A walk to “FREE-THEM” brings hope and awareness of modern day slavery

By Tashia Antoine

So many Canadians are still unaware that human trafficking and modern-day slavery is happening right here in our neighborhoods and cities. This past Saturday over five-hundred (500) people took a stand to end such atrocities and bring awareness to the exploitation that thousands endure in this country and around the world via the 7th Annual “Free-Them” Conference & Freedom Walk.

Rhonelle Bruder

The Conference associated with the 5km Walk was held at Westin Habour Castle and had a stellar line-up of guest speakers, survivors of human and sex trafficking, members of the RCMP and Toronto Police Force, politicians and civilians; all of whom were equally passionate in raising awareness and funds to help end exploitation in Canada.

The event which so far has raised over $84,000 was hosted by ET Canada reporter Sangita Patel and included an honorary ceremony commending various local advocates for their tireless efforts in helping to free victims of modern day slavery. 

An touching and memorable presentation by advocate and keynote speaker Rhonelle Bruder brought the audience to their feet as she shared her story as a survivor of sex trafficking which brought insight to how often and easy vulnerable populations can be victims trafficking.

Bruder who is of Caribbean descent, is also the founder of the RISE Initiative; a grassroots project dedicated to helping spread awareness on issues facing women, youth, and those from diverse and racialized backgrounds. She has dedicated her life to assist those who are suffering and to shed light on an issue most think does not exist here in Canada or the world.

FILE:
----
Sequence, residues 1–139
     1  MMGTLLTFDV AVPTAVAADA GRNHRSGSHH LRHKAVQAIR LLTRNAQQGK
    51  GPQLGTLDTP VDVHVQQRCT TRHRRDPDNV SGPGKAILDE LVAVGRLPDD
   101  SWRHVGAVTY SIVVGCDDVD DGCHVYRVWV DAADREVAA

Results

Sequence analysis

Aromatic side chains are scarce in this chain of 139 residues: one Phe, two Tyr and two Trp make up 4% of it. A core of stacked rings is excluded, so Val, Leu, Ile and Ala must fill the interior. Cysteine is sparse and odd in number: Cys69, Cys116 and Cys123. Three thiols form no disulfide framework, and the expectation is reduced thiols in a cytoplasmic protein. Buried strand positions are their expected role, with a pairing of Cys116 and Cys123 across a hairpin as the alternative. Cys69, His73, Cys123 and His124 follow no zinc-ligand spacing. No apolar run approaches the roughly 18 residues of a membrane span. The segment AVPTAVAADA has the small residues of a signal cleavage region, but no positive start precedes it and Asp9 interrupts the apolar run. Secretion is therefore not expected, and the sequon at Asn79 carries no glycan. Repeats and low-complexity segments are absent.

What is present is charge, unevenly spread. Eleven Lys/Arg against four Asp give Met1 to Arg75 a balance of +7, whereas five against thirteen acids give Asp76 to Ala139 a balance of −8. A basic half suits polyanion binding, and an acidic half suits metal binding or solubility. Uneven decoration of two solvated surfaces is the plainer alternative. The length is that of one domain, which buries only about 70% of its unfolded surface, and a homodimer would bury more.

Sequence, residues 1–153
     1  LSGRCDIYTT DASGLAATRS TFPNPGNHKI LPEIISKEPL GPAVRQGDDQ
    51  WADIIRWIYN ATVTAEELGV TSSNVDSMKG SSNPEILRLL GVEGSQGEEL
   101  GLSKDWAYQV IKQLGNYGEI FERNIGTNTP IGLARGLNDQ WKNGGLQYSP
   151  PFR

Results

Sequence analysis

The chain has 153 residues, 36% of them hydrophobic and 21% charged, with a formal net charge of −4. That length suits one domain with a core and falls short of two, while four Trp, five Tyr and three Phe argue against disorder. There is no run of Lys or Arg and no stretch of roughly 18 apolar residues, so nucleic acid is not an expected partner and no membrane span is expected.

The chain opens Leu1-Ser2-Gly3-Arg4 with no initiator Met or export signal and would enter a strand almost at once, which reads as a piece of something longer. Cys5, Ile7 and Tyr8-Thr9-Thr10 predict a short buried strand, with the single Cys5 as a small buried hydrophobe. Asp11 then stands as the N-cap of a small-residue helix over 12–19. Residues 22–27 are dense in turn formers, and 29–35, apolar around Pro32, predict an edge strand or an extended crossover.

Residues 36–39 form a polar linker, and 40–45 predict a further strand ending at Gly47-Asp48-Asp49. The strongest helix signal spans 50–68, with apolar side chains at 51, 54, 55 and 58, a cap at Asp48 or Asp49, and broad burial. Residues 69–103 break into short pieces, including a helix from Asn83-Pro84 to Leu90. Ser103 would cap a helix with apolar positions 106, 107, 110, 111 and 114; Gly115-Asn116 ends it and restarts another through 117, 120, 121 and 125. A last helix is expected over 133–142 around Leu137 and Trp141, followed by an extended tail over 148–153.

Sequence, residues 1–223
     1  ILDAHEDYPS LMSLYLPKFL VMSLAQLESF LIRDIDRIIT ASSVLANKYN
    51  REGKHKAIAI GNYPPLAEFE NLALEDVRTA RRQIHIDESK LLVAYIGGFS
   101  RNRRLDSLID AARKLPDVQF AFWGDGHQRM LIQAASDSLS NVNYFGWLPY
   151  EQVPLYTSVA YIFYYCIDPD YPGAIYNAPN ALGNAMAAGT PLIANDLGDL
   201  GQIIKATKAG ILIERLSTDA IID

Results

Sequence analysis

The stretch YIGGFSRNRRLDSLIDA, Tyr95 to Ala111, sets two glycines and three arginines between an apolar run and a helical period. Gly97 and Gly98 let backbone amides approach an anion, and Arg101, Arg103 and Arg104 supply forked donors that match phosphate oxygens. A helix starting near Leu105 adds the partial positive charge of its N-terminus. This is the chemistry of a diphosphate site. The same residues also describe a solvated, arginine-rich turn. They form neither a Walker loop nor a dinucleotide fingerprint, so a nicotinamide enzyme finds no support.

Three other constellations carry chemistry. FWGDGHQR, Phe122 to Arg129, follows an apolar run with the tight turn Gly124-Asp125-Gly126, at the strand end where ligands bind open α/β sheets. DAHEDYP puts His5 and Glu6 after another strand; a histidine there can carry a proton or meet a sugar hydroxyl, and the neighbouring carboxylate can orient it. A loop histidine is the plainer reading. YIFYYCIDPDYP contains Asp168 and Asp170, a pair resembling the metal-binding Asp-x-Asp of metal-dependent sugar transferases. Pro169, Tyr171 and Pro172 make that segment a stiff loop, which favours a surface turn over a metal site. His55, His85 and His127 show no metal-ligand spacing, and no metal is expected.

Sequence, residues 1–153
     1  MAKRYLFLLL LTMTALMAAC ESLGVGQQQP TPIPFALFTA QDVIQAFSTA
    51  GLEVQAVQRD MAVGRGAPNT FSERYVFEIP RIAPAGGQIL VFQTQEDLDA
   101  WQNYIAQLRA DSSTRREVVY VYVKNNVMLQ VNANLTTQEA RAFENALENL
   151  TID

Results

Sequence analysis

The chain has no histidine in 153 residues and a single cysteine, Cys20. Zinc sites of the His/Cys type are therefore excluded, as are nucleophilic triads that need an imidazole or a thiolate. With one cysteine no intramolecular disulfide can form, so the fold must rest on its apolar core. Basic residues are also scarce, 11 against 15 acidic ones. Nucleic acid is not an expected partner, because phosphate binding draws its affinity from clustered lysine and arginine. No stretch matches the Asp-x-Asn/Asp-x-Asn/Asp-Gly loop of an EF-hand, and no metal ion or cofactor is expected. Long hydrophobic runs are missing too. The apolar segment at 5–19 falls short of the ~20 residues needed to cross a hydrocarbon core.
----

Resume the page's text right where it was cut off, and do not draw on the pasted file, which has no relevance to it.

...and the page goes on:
The startling statistics around the Slave Trade: there are more than 30 million people in global slavery today.; 87% of those trafficked in Canada are Canadians; the average age of entry into forced prostitution and exploitation in Canada is 13-14 years old.

The two most prevalent forms of human trafficking in Canada are forced labour and forced prostitution. Globally human trafficking is $150 billion dollar industry per year.

The “Free-Them” Freedom Walk is only a part of the world-wide movement to help victims who are in bondage either through force, fraud or coercion. The initiative, now in its 7th year was founded by Shae Invidiata who wanted to make a difference and fight for the victims who come from all walks of life and who have no voice in this growing industry. The message is quite clear – it can happen to anyone, anywhere.

Human trafficking is a horrific human rights violation. Roughly two-thirds of police-reported offences in Canada occur in Ontario; the majority of trafficking goes through the Niagara and Golden Horseshoe area.

The average age of victims recruited by traffickers are in the 12- to 14-year-old range, which is why education is considered a key tool for prevention against men, women and children being held against their will.

The “Free-Them” Freedom Initiative is still accepting donations that directly go towards helping survivors of human trafficking. Organizers are still hopeful of reaching their goal of $100,000 for Aurora House and fundraising is still open until October 15th at www.freethem.ca